Figure 1.33 Outside and inside of an incubator

Animal Studies

Animal studies are one form of in vivo research, which translates to "within the living". Rats and mice are the most common animals used in nutrition research.

Why do animal research?

Animals can be used in research that would be unethical to conduct in humans. Researchers can make sure that a certain regimen is safe before it is researched in humans. One advantage of animal dietary studies is that researchers can control exactly what the animals eat. In human studies, researchers can tell subjects what to eat and provide them with the food, but that does not necessarily mean that they are going to consume exactly what they are supposed to. Also people are not great at estimating, recording, or reporting how much or what they eat/ate. Animal studies are also, normally, far less expensive than human studies.

There are some important factors to keep in mind when interpreting animal research. First, an animal’s metabolism and physiology is different than humans. As a result, animals' absorption and bioavailability of compounds can differ from humans. Furthermore, animal models of disease (cancer, cardiovascular disease, etc.), although similar, are different from the human disease. So these factors have to be considered when interpreting results from this type of research. Nevertheless, animal studies have been, and continue to be, important for nutrition research.

No References

1.4 Human Intervention Studies/Clinical Trials

There are a variety of human intervention study designs in nutrition research, but the most common, especially in pharmaceutical/medical research, is the clinical trial. A clinical trial is a scientifically controlled study using consenting people to find the safety and effectiveness of different items/regimens. Clinical trials are the "gold standard" research method. Their findings carry the most weight when making decisions about a certain research area because they are the most rigorous scientific studies. Every pharmaceutical must go through a series of clinical trials before being approved for the market by the FDA (specifically the randomized, double-blind, placebo-controlled experiments). As shown in the figure below, human intervention studies/clinical trials are normally prospective. By the end of this section you should have an understanding of what randomized, double-blind, and placebo-controlled means.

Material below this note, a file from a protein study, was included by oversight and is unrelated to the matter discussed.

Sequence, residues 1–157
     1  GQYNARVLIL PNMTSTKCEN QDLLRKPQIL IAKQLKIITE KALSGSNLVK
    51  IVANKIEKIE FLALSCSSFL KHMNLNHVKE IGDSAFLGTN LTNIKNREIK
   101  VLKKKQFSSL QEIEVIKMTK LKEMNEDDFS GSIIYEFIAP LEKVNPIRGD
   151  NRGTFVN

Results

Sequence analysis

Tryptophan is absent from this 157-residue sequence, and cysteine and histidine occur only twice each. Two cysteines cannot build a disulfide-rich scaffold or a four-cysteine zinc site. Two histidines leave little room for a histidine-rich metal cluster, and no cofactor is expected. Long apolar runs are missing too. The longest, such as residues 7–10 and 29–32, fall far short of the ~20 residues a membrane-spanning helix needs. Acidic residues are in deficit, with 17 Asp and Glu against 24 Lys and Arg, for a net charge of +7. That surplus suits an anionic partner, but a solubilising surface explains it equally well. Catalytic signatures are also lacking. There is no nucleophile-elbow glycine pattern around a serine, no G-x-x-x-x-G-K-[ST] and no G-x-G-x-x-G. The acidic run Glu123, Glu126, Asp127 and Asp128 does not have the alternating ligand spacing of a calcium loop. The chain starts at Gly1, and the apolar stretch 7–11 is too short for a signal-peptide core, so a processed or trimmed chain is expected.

Figure 1.41 Clinical trials are prospective (Adapted from Levin[footnote]Levin K. (2006) Study design III: Cross-sectional studies. Evidence - Based Dentistry 7(1): 24.[/footnote])

Placebo and The Placebo Effect

A placebo is a fake pill or treatment that serves as a comparison to an active treatment. An examples of placebos are shown below.

Figure 1.42 Placebo pills[footnote][/footnote]

The use of a placebo is necessary in medical research because of a phenomenon known as the "placebo effect". The placebo effect results from a subject's belief in a treatment, even though there is actually no treatment being administered. An example would be an athlete who consumes a sports drink a

nd runs the 100 meter dash in 11.00 seconds. The athlete then, under the exact same conditions, drinks what he is told is "Super Duper Sports Drink" and runs the 100 meter dash in 10.50 seconds. But what the athlete didn't know was that Super Duper Sports Drink was the Sports Drink + Food Coloring. There was nothing different between the drinks, but the athlete believed that the "Super Duper Sports Drink" was going to help him run faster, so he did. This improvement is due to the placebo effect.